Jack Whitney is a social and community worker, LGBT activist and Convenor of Young Labor Left
Victorian Premier, Joan Kirner, once said:
“There is no such thing as being non-political. Just by making a decision to stay out of politics you are making the decision to allow others to shape politics and exert power over you. And if you are alienated from the current political system, then just by staying out of it you do nothing to change it, you simply entrench it.”
These words were delivered at a 1994 ‘Women into Power’ conference in South Australia. Kirner had just retired from the political scene and was speaking about her time in politics. Much like former Prime Minister Julia Gillard, Kirner reflected that, throughout her time in politics, many women found it intensely difficult to participate and lead in the public sphere. Her speech was a plea to women to not give up and to not abstain from participation. Undoubtedly, these struggles faced by women are shared by other groups who experience disempowerment and exclusion through certain forms of inequality.
Kirner’s statement mirrors many thoughts of the LGBTIQ community and their allies today as the High Court's decision ruled in favour of the postal vote for marriage equality. Some individuals may feel that this decision is unfair and may choose to disengage with the kind of politics that led to its existence. I argue that by not seizing this moment and taking the opportunity of sticking it to the Coalition, you are making a political decision – and a wrong one at that.
By vacating the field, you are allowing others to exercise power: not only over you but also your loved ones. We in the ‘Yes’ campaign know that the postal vote is a strategic move by the right faction of the Liberal Party to delay marriage equality and make the process of achieving it as difficult for LGBTIQ people as possible. However, by vacating the field after the High Court's decision, we would be playing right into their hands, and that is what they want.
There are a number of reasons why people feel the High Court's decision isn’t right. Many know and have seen how the ‘No’ campaign is toxic and unconstructive. They know the Government is shirking its duty to make a decision by having a free vote. They know it’s a waste of money. They have concerns that the vote will be unreliable. They have a lack of trust in the Australian Bureau of Statistics and Australia Post, with their history of controversies.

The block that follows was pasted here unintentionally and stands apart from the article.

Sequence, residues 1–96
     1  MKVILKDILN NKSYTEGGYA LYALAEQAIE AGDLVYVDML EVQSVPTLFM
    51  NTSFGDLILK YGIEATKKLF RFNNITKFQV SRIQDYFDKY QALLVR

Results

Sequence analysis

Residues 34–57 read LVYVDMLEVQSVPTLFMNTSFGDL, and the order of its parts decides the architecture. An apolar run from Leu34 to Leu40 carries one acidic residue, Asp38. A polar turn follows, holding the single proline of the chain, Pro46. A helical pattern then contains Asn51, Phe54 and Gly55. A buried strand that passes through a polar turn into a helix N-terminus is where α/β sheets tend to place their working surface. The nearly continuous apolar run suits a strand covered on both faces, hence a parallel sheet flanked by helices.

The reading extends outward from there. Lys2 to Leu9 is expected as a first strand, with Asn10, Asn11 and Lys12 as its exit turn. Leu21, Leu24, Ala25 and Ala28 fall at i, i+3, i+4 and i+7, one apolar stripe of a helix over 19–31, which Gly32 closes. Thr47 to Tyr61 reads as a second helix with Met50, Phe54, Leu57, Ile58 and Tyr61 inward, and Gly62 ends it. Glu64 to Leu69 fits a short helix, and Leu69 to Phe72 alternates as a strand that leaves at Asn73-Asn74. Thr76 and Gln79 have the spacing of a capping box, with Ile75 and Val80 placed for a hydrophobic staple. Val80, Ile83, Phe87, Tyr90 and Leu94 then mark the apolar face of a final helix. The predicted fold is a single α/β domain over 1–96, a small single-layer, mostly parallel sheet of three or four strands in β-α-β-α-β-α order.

But I can give you two million reasons why this postal vote is important to be a part of, in spite of the High Court's decision. Every one of those reasons represents a LGBTIQ person living in Australia, who deserves equality, choice, and recognition of their relationship and their identity (Australian Department of Health, ‘National Lesbian, Gay, Bisexual, Transgender and Intersex’, Ageing and Aged Care Strategy, 2012: 4). I can give you another six thousand reasons why this vote is important to be a part of in spite of the High Court decision. Those reasons represent the roughly six thousand children living in same-sex parent homes (Australian Social Trends, ‘Same-Sex Couples’, 2013). By having marriage equality, these children can have certainty that their parents’ relationship is equal to those of their friends’ parents. Marriage equality sends a message to these children that says “your parents are wonderful and, most importantly, they are the same as any other parent”.
This article is not meant to make people feel guilty if they choose to reject the High Court’s decision, or pressure people into the ‘Yes’ campaign. Instead, I want to stress the importance of this vote and address the false belief that by rejecting government decision making, and the postal vote itself, means you are not participating in the politics of it. This vote will be difficult, and for many young LGBTIQ people, it represents what we already knew about the Coalition: they are trying to set up LGBTIQ rights to fail. Every challenge we face presents a barrier to our recognition. Every failure is draining. But, despite those barriers, we are having this vote as the ruling today was made by the High Court. Marriage equality is in the public dialogue. And the Australian Labor Party has declared that they will legislate for marriage equality within the first 100 days of a Shorten Labor government. We. Are. So. Close. It’s time for marriage equality. Let’s do this.